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Abstract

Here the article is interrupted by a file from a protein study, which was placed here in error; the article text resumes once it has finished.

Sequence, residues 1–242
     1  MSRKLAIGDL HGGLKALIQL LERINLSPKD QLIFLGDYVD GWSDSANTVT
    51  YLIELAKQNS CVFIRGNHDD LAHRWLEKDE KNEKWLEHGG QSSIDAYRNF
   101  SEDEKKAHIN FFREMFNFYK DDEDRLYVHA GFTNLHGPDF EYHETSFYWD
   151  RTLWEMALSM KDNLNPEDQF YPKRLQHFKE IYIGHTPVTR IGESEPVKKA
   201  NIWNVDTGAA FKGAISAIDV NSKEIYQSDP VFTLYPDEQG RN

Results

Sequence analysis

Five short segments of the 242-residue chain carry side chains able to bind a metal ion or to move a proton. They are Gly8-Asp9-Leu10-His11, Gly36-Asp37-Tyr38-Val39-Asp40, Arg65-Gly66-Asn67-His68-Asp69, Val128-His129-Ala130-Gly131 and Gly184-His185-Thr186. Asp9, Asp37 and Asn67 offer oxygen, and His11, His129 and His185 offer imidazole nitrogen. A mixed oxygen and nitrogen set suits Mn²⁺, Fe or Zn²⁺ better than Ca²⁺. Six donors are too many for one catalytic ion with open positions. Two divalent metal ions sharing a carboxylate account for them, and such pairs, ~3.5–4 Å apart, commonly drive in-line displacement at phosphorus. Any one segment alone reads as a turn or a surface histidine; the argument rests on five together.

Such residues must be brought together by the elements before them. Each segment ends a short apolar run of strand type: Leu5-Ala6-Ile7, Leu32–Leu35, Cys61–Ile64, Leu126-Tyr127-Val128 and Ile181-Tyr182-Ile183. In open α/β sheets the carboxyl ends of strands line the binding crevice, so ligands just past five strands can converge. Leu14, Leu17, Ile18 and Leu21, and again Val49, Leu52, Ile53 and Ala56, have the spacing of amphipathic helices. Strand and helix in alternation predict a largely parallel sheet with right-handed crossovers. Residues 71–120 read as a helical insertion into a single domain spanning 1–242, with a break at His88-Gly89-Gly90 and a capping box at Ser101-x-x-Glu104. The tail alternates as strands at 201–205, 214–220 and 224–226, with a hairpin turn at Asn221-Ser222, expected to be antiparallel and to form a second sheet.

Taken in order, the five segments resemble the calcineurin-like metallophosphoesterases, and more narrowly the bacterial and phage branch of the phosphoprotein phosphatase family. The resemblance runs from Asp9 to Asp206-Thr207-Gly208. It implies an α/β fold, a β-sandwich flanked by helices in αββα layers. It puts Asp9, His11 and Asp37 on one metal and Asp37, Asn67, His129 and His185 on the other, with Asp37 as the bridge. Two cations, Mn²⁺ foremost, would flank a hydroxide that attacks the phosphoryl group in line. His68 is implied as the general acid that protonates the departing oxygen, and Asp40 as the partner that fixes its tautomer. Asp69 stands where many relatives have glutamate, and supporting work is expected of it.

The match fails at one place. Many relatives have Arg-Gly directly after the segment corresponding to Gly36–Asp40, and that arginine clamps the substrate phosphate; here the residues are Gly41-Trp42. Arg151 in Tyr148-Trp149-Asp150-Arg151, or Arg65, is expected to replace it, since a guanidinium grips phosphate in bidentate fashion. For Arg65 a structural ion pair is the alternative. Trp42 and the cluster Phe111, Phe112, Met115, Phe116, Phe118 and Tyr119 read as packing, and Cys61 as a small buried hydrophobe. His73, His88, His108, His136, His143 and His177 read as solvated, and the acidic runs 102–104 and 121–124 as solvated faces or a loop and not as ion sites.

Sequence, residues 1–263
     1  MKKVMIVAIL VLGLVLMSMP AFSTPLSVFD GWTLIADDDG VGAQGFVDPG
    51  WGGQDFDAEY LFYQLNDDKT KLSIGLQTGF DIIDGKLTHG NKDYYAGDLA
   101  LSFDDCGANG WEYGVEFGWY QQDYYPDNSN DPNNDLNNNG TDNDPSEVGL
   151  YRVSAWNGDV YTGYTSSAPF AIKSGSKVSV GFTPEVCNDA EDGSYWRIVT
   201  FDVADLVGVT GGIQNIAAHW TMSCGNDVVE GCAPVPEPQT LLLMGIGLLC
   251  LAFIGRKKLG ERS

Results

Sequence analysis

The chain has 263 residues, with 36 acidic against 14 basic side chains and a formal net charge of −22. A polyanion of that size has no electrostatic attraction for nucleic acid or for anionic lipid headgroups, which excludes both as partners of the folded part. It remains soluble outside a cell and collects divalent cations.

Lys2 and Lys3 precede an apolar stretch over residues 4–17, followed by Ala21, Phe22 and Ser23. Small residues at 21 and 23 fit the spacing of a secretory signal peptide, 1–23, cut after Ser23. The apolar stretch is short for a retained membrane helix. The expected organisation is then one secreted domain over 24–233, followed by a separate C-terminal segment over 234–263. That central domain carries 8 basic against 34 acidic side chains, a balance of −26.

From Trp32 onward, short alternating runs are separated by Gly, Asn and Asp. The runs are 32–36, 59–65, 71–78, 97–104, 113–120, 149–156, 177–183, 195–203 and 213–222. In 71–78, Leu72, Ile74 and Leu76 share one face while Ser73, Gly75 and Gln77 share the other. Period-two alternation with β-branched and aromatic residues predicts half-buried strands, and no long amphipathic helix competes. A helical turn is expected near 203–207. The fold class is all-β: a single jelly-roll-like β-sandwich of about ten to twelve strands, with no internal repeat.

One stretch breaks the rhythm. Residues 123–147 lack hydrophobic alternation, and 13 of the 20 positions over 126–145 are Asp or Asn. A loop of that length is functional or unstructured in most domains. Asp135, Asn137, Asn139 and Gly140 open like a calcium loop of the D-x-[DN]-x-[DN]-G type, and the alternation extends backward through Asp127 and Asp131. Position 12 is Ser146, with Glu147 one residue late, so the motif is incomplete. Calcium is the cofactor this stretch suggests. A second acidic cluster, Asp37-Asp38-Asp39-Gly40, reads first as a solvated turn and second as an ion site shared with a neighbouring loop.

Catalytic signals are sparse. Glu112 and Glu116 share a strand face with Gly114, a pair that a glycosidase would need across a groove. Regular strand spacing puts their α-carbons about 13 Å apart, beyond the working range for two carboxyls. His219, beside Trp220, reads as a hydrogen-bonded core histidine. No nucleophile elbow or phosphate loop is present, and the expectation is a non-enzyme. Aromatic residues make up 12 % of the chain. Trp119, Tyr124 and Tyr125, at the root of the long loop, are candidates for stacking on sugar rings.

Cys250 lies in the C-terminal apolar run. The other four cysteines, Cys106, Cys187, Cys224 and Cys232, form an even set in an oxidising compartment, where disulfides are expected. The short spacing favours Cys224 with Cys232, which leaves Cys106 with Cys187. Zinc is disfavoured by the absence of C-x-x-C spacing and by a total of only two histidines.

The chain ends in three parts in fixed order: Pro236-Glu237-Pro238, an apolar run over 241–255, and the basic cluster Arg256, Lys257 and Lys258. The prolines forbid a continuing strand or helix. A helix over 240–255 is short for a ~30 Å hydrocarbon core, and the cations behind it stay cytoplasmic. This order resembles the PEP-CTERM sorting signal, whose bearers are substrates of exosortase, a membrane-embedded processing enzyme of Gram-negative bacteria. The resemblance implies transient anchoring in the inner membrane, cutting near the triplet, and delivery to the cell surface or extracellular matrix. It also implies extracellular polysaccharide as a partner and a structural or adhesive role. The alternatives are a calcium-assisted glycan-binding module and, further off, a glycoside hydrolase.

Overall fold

This study examines the effect of various factors on the decision to consume home-delivered foods. The results of the study suggest that the decision to order food for home delivery is determined by gender, price consciousness, number of adults and children in the household, employment status, education level, ownership of microwave oven and, to some extent race, age and income. Specifically, the results suggest that less price-conscious, employed, higher-educated, white males within the 25-34 age group, in a household with a microwave oven, with smaller number of adults, but with children are more likely to purchase home-delivered food that others.

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